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Recently CNN International called and invited me to be on-air to discuss subscription services and the increasingly tough economic environment that’s starting to hit consumers, causing purchasing decisions to shift. They said they were keen to get my views on “consumer expectations and choice in a time like this.”
CNNi’s brief said, “We’re seeing news come out today of Netflix offering a cheaper plan option with adverts, BMW providing a heated seat subscription service for those who’ll want to pay to use the capability in the winter months only (instead of the expensive upfront cost of the capability to always use it) – some interesting reactive offerings being thrown out there.”
As always, they requested I send a one sheet segment concept to let the anchor know what my thoughts were. Here’s what I sent:
As Bill Clinton’s strategist, James Carville taught us all the way back in 1992, when it comes to consumer responses, “it’s the economy, stupid.” People vote – and purchase – based on their pocketbooks.
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So, it stands to reason that companies would look to ways of holding onto existing customers as well as capturing new ones by demonstrating that they’re a fiscally responsible choice.
Putting the Sub in Subscription Services
That being said, don’t confuse subscription services with lower costs – they are actually much more expensive to consumers and much more profitable to companies because they never end. Instead of paying once, you pay forever.
It’s similar to buying vs. leasing. Sure, you might get more for your money if you lease, but once you start, what you’ve really signed up for are never-ending car payments. In reality, you’re simply using a car on a subscription service model instead of ever actually owning it.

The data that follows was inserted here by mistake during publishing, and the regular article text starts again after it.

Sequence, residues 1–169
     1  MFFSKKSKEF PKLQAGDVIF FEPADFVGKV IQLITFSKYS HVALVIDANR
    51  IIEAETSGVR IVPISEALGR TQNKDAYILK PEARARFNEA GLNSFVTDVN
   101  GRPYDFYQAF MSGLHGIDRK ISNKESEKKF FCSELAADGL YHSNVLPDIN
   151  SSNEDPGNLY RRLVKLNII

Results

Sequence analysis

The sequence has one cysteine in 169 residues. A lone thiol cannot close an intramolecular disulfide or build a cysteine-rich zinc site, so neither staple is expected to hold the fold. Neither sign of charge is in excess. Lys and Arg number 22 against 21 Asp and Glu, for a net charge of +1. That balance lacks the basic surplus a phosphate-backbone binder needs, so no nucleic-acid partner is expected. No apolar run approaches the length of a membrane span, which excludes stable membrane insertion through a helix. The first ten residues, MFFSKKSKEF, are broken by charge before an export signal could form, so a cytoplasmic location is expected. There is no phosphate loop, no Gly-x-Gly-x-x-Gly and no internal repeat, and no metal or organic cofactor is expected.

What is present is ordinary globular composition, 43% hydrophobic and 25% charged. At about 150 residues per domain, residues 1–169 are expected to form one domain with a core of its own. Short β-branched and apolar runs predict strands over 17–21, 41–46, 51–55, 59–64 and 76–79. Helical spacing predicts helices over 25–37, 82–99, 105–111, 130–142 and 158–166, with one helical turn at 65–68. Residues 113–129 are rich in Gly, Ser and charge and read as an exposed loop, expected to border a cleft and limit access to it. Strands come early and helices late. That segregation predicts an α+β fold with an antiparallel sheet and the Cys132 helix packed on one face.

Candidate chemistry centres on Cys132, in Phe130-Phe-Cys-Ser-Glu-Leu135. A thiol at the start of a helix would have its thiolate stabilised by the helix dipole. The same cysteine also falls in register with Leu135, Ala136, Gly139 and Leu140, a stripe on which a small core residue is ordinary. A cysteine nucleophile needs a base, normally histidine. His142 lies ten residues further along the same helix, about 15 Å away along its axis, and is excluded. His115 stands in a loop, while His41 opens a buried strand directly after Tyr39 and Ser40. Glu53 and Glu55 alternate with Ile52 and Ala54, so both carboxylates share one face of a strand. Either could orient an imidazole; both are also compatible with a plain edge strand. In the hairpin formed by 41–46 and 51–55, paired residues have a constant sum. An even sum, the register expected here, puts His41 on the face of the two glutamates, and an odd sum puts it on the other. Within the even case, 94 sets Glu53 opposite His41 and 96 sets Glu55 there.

The key words to keep in mind here are Acquisition and Retention.
Netflix’s Subscription Services
Netflix will use the cheaper subscription service option to both retain old customers and acquire new ones, many of whom will step up to a higher-priced plan over time. Maybe they’ll call their new service “Notflix.”
I hope for Netflix’s sake that their consumers have short memories. After all, we all enjoyed free TV with ads model for more than 50 years. Then we paid monthly to watch TV with no ads. Now Netflix wants us to pay monthly AND have ads? Pardon me for being cynical, but where are the savings?
BMW’s Subscription Services
BMW’s intention is different. BMW does not stand for “Bum (of the) Month Warmer.” If their customers wanted a cheaper car, they’d simply buy a Kia. After all, if you’re considering paying 60-150 thousand US dollars for a BMW, your decision point isn’t going to be whether or not you can turn off your seat warmers in the summer.
BMW has been trying to sell subscription services – for entertainment, wayfinding, oil service, etc. – for a while now and customers are pushing back against it. Using a heated seat subscription service is a brilliant strategy as it will incite consumer trial and get people used to paying monthly because they’ll erroneously believe that they’ll remember to cancel the subscription in the warm months – even though history shows they won’t. Once consumers are comfortable with the monthly heat option, they’ll willingly sign up for other things.
Of course, I live in Miami, Florida, so I have only one question: What’s a winter month?